He felt her touch as though it were burning through his shirt, her hand laid gently on his shoulder, causing him to gasp. They had not yet touched in this life, and the first contact always left him breathless.
“Answer me,” she whispered. “Are you leaving?”
“Then take me with you,” she blurted out. Right on cue, he watched her suck in her breath, wishing to take back her plea. He could see the progression of her emotions settle in the crease between her eyes: She would feel impetuous, then bewildered, then ashamed by her own forwardness. She always did this, and too many times before, he had made the mistake of comforting her at this exact moment.
“No,” he whispered, remembering … always remembering… “I sail tomorrow. If you care for me at all, you won’t say another word.”
“If I care for you,” she repeated, almost as if she were speaking to herself. “I—I love—”
“I have to say it. I—I love you, I’m quite sure, and if you leave—”
“If I leave, I save your life.” He spoke slowly, trying to reach a part of her that might remember. Was it there at all, buried somewhere? “Some things are more important than love. You won’t understand, but you have to trust me.”
Her eyes drilled into him. She stepped back and crossed her arms over her chest. This was his fault, too—he always brought out her contemptuous side when he spoke down to her.
“You mean to say there are things more important than this?” she challenged, taking his hands and drawing them to her heart.
Oh, to be her and not know what was coming! Or at least to be stronger than he was and be able to stop her. If he didn’t stop her, she would never learn, and the past would only repeat itself, torturing them both again and again.
The familiar warmth of her skin under his hands made him tilt his head back and moan. He was trying to ignore how close she was, how well he knew the feel of her lips on his, how bitter he felt that all of this had to end. But her fingers traced his so lightly. He could feel her heart racing through her thin cotton gown.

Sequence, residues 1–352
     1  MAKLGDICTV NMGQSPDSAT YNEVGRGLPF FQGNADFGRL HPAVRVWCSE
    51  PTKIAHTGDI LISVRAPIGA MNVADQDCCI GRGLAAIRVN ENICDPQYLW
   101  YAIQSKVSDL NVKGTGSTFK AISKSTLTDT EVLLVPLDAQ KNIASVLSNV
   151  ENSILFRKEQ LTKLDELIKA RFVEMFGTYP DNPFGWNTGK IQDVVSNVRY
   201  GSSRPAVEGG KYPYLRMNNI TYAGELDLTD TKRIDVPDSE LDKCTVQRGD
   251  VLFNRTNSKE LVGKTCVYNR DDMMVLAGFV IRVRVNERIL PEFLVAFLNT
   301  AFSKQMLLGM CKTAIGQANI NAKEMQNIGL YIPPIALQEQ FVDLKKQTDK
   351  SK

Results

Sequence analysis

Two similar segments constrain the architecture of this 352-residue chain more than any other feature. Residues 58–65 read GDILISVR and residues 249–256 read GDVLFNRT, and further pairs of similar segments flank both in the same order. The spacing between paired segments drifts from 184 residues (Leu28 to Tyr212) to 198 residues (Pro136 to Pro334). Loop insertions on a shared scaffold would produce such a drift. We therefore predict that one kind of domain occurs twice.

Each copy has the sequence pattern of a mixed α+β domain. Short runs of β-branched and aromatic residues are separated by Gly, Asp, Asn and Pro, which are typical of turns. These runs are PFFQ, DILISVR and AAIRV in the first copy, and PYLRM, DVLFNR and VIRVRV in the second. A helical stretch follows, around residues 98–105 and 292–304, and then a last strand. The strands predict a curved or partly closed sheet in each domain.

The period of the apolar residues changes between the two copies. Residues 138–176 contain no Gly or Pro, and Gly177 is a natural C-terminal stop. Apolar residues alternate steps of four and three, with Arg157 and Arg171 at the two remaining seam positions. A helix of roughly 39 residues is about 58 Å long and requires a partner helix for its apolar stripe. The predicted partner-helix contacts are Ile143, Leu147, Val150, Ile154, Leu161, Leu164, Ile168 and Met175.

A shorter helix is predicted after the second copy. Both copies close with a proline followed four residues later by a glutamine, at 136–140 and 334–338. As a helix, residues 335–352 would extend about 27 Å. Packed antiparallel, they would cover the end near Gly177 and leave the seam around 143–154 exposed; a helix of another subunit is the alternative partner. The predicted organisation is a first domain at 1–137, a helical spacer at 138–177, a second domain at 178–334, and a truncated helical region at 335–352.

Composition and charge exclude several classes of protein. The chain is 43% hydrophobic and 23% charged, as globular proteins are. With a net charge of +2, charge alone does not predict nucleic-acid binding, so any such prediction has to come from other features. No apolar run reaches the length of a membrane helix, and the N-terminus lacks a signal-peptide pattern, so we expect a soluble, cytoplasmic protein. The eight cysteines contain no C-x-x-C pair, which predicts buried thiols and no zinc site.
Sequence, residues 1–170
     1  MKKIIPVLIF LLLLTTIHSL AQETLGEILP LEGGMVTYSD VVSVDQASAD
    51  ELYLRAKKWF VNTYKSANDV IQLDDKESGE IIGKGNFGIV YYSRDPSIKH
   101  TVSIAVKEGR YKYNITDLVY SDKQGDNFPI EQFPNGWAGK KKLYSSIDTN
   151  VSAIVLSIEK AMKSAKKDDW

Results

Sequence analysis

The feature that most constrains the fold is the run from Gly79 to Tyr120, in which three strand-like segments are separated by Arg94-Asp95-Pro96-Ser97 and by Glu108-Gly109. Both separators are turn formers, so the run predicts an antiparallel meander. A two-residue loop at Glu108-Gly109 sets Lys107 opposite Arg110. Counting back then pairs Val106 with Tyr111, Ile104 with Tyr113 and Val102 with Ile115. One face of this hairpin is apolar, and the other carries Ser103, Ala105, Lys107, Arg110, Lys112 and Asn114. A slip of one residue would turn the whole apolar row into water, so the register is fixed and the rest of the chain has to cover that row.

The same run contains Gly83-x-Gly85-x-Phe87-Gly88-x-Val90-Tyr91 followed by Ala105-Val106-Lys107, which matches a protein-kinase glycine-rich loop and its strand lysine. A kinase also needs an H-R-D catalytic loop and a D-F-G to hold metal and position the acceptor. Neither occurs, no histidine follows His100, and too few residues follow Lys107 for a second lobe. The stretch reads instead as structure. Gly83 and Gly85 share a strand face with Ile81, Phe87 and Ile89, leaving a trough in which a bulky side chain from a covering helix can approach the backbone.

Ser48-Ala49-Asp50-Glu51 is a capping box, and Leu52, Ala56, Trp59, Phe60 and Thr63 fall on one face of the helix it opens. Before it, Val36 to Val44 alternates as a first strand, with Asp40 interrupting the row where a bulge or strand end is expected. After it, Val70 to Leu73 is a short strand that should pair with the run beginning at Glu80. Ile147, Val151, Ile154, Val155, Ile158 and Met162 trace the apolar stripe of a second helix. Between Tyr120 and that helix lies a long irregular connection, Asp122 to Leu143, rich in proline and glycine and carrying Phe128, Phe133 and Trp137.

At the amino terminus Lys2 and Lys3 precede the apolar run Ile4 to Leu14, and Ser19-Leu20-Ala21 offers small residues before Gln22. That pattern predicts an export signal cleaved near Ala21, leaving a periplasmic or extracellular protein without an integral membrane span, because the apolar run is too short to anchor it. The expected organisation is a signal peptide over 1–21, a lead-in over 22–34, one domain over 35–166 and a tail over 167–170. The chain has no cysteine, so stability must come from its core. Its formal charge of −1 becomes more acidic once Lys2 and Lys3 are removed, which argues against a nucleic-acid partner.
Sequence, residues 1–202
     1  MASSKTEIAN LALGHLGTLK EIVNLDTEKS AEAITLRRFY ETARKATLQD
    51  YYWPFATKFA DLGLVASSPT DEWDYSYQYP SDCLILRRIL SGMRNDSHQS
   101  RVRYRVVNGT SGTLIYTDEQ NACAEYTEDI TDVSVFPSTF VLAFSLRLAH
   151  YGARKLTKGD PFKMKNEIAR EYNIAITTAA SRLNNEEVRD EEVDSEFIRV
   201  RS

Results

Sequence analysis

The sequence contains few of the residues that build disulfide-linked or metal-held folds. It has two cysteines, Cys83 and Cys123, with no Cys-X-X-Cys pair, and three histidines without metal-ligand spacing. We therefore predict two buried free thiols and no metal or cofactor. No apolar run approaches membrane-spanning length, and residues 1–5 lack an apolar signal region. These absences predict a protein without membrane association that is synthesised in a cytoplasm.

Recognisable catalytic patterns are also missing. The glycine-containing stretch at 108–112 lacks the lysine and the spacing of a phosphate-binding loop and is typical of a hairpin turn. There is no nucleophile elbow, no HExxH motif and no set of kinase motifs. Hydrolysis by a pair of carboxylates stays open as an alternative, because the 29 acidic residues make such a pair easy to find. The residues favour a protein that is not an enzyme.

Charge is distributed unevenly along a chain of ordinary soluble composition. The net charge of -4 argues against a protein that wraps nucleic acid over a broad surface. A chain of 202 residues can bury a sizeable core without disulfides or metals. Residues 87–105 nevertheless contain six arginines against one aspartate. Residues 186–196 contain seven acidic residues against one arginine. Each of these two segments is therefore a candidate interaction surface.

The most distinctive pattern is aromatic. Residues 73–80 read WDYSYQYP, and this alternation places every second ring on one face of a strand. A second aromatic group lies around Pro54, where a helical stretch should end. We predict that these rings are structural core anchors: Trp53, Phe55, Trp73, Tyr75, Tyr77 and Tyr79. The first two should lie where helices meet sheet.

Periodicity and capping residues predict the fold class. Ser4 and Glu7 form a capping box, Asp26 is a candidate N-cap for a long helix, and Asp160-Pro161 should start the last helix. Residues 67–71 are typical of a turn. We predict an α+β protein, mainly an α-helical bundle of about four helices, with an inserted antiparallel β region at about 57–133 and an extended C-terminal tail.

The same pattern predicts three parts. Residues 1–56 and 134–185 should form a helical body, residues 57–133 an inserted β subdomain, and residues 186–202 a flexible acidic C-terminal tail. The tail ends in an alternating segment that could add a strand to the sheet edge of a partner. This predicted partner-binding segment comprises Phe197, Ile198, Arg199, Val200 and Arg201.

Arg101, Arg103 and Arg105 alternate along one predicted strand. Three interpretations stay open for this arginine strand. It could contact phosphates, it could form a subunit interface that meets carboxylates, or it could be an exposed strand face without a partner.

She was right. There was nothing more than this. There never was. He was about to give in and take her in his arms when he caught the look in her eyes. As if she’d seen a ghost.
She was the one to pull away, a hand to her forehead.
“I’m having the strangest sensation,” she whispered.
No—was it already too late?
Her eyes narrowed into the shape in his sketch and she came back to him, her hands on his chest, her lips parted expectantly. “Tell me I’m mad, but I swear I’ve been right here before…”
So it was too late. He looked up, shivering, and could feel the dark descending. He took one last chance to seize her, to hold her as tightly as he’d been yearning to for weeks.
As soon as her lips melted into his, both of them were powerless. The honeysuckle taste of her mouth made him dizzy. The closer she pressed against him, the more his stomach churned with the thrill and the agony of it all. Her tongue traced his, and the fire between them burned brighter, hotter, more powerful with every new touch, every new exploration. Yet none of it was new.
The room quaked. An aura around them started to glow.
She noticed nothing, was aware of nothing, understood nothing besides their kiss.
He alone knew what was about to happen, what dark companions were prepared to fall on their reunion. Even though he was unable to alter the course of their lives yet again, he knew.